“For the avoidance of doubt, Atiku did not say that he will handover Federal Universities to state governments if he is elected president come February next year.

“The report is false, untrue, unfounded and not a true reflection of what Atiku Abubakar said while responding to a question on devolution of powers, a key component of his policy framework,” Mr Ibe argued in a statement on Monday.

According to the him, what the PDP presidential candidate referred to was his plans for a phased devolution of power to the federating units.


READ ALSO: ‘Why Proscribe IPOB And Not Miyetti Allah?’ – Soyinka On Farmer-Herder Crisis


“The report in some sections of the media is therefore a misleading and false account of what transpired when the PDP Presidential candidate fielded questions as a panelist at the opening ceremony of the NBA conference.

“In answering the question posed to him, Atiku Abubakar merely recalled his engagement with a university professor where he argued that the United States of America shared similarities with the first set of universities in Nigeria which belonged to the regional governments and noted that with proper planning and phased devolution of power, federal universities that have now become unwieldy could be made to work better under the component federating units. He also maintained that education would remain in the concurrent list under his administration when elected.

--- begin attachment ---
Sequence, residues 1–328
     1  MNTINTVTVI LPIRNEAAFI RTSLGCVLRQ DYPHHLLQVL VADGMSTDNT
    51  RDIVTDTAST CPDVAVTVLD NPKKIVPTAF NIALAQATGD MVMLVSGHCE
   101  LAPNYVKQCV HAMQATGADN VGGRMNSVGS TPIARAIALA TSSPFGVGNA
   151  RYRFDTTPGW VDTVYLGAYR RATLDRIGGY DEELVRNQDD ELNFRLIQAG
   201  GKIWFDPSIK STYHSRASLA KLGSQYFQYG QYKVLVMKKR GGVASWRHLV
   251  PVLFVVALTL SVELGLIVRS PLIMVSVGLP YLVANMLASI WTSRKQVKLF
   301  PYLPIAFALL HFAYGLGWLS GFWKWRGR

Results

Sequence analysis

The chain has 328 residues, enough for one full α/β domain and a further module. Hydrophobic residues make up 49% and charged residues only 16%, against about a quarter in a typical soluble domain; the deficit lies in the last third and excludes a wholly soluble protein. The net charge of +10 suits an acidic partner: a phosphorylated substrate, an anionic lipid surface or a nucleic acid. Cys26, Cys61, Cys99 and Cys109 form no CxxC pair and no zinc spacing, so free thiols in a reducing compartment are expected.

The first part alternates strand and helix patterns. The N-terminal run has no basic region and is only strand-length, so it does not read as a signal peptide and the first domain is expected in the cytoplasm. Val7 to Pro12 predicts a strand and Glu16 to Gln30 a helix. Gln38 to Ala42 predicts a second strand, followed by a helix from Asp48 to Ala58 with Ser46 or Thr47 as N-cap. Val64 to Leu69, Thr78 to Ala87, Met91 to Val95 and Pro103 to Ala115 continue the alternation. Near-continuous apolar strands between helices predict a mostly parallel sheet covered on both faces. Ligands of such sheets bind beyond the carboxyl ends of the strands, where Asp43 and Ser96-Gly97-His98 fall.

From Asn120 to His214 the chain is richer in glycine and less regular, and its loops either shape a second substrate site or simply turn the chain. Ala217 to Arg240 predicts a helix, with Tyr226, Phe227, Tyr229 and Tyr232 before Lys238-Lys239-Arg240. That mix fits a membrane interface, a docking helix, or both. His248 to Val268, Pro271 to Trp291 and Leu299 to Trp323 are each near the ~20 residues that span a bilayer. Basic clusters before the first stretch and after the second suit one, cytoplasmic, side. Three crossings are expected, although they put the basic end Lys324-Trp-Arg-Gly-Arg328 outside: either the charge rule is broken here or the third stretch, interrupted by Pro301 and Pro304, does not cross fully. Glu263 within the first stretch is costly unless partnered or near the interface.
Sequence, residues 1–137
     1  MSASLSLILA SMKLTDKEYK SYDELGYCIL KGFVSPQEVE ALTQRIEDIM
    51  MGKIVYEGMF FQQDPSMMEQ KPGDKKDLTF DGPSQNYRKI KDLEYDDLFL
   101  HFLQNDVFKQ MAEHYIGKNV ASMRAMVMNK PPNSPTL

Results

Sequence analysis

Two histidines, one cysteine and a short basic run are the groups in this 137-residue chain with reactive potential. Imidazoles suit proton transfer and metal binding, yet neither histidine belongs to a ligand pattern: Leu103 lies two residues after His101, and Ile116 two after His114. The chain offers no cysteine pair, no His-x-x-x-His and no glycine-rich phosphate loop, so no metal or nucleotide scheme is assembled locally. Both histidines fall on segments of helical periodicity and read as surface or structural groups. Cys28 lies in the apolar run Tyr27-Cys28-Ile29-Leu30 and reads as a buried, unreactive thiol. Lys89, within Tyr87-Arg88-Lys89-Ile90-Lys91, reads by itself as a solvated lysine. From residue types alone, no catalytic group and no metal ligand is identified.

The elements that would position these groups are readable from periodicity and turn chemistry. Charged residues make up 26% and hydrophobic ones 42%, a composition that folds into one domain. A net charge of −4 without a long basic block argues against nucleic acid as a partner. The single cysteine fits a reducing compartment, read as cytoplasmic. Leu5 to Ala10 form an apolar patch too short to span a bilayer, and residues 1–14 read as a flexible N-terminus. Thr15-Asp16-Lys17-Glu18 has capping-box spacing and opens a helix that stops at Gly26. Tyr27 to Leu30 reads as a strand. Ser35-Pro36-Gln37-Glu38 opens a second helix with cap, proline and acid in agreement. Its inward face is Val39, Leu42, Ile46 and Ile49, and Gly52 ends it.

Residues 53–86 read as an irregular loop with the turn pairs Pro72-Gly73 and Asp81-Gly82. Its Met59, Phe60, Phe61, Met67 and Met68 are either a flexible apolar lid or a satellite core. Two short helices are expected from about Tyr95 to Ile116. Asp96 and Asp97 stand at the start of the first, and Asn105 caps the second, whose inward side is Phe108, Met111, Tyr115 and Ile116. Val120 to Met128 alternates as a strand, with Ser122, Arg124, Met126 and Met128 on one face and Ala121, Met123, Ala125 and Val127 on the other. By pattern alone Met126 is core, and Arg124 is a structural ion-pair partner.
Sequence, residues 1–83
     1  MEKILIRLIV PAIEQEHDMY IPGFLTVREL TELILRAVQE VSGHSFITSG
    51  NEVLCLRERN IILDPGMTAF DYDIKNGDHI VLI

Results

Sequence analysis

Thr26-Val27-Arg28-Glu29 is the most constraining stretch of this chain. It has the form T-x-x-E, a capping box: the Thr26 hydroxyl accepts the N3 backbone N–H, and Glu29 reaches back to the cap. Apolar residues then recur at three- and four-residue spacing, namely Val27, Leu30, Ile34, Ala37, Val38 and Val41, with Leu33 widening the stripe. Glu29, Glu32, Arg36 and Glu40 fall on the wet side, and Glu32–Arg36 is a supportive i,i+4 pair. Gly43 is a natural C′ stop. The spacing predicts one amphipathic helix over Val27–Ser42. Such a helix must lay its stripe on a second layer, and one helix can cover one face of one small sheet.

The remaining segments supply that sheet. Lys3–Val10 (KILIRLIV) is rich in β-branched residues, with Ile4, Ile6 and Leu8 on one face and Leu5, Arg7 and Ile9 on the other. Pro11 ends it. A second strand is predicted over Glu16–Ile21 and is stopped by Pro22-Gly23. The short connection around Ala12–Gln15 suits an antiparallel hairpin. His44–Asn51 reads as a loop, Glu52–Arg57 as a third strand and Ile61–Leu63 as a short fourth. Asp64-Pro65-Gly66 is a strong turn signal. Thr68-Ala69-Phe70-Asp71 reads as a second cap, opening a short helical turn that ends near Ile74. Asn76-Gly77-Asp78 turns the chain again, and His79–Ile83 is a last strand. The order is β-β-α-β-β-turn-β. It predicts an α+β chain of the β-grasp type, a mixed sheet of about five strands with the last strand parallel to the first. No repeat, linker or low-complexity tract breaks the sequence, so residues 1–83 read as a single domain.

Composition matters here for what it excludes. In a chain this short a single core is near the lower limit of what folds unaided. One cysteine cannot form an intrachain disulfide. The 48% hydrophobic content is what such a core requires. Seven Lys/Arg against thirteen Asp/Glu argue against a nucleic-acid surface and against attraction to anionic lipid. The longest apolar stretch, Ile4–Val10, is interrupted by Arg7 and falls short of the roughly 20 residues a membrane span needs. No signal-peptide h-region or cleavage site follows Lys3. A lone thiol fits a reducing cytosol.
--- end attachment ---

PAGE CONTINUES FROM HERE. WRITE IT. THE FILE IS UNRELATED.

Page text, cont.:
“The report was clearly a misleading one designed to cast aspersion on the person of the former Vice President and to create an impression that he will shirk his responsibilities if he is elected president in the next presidential poll due in February 2023.

“We wish to restate Atiku Abubakar’s avowed commitment to education as a game changer for socio-economic development and national security. He remains concerned about the prolonged strike by university teachers and restates his position that under his watch the ASUU-FG imbroglio will be better managed in the interest of both the students and academic staff.